In the upcoming election, the voter has a great dilemma.
Who is telling the truth and how could this uncertainty affect them, their community, country and world?
We are inundated with mailings, robo-calls and ads on television and radio.
Even candidate debates have given us reason to doubt what is being said.
When will honesty, fact and reality return to our political discourse?
Looking back on experience, I recall times when a person has confided in me their opinion of others, assuming I agree.
This is much like candidate Mitt Romney speaking, in private, at a $50,000 a plate dinner, saying that his “job is not to worry about these people,” referring to 47 percent of the United States population.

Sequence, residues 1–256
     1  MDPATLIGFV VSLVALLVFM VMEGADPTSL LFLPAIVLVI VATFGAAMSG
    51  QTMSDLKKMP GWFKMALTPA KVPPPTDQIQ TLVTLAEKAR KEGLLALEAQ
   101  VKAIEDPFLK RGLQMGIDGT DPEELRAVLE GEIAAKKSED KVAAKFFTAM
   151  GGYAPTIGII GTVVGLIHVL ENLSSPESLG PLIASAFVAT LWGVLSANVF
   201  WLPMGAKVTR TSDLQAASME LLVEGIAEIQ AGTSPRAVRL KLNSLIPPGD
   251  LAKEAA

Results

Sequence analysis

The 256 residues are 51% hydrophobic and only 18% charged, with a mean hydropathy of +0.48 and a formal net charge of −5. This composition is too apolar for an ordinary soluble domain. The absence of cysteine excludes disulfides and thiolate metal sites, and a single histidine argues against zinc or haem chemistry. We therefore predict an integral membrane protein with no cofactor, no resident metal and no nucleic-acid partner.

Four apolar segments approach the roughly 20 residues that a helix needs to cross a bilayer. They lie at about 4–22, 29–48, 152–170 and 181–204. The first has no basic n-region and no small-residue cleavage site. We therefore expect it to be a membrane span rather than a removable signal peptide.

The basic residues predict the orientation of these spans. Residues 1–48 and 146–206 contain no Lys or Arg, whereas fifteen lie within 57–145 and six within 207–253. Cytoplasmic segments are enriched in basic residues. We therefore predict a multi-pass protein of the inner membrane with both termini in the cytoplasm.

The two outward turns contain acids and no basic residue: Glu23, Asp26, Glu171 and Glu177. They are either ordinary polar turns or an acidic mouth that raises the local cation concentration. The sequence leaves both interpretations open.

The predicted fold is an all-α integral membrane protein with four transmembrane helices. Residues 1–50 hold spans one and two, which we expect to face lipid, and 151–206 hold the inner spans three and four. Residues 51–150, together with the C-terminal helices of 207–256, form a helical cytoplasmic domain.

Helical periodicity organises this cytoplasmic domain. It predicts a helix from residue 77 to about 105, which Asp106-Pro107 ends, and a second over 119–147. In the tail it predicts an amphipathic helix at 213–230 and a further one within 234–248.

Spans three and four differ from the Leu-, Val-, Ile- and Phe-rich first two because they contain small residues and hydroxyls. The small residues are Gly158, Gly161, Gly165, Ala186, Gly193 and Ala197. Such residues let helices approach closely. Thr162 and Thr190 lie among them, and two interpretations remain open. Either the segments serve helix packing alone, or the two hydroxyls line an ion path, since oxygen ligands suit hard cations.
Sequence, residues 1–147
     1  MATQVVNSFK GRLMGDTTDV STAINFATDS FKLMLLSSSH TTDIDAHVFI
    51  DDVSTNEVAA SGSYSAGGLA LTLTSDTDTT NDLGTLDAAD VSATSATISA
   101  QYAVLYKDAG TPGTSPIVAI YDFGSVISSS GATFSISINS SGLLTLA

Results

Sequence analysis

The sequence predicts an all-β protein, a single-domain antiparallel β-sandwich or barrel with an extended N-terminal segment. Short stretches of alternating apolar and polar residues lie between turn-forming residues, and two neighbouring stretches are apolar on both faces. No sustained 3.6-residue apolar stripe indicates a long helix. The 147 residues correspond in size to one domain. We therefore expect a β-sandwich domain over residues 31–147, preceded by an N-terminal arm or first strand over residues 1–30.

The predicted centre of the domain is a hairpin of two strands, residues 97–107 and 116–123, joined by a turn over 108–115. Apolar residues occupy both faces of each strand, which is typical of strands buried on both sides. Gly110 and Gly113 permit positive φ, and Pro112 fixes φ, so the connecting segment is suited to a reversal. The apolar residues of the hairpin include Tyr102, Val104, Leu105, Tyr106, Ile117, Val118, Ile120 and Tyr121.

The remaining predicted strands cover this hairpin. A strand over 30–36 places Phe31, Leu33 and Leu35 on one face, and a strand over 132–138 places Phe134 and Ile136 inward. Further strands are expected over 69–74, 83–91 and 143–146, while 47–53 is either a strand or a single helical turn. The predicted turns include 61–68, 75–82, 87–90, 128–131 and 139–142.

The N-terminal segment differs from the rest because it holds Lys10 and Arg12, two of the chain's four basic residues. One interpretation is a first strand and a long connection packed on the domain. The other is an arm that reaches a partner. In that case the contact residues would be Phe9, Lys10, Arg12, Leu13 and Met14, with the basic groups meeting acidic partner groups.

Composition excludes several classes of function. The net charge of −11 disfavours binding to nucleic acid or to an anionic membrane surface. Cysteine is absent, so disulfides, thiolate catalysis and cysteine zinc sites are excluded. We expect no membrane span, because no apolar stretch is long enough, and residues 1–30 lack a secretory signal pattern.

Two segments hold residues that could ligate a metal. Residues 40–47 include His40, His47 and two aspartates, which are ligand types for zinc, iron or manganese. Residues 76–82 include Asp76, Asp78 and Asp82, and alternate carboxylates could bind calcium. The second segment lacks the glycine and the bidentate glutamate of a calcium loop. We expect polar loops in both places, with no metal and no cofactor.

When this became public knowledge, he then had a change of heart, apologizing at rallies and appearing compassionate during the first presidential debate.
This makes me pause to wonder what Romney really believes and how he will serve all of the people, if he is elected president.